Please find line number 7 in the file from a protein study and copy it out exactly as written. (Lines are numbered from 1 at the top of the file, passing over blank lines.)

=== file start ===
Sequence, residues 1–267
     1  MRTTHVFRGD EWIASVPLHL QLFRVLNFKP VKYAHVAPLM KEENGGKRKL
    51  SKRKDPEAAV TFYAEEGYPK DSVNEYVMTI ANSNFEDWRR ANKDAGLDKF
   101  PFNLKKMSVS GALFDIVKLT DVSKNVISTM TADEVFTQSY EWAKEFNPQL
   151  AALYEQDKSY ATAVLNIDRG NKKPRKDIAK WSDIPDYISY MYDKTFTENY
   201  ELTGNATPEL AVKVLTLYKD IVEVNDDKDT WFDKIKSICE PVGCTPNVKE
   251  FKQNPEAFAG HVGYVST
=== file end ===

   251  FKQNPEAFAG HVGYVST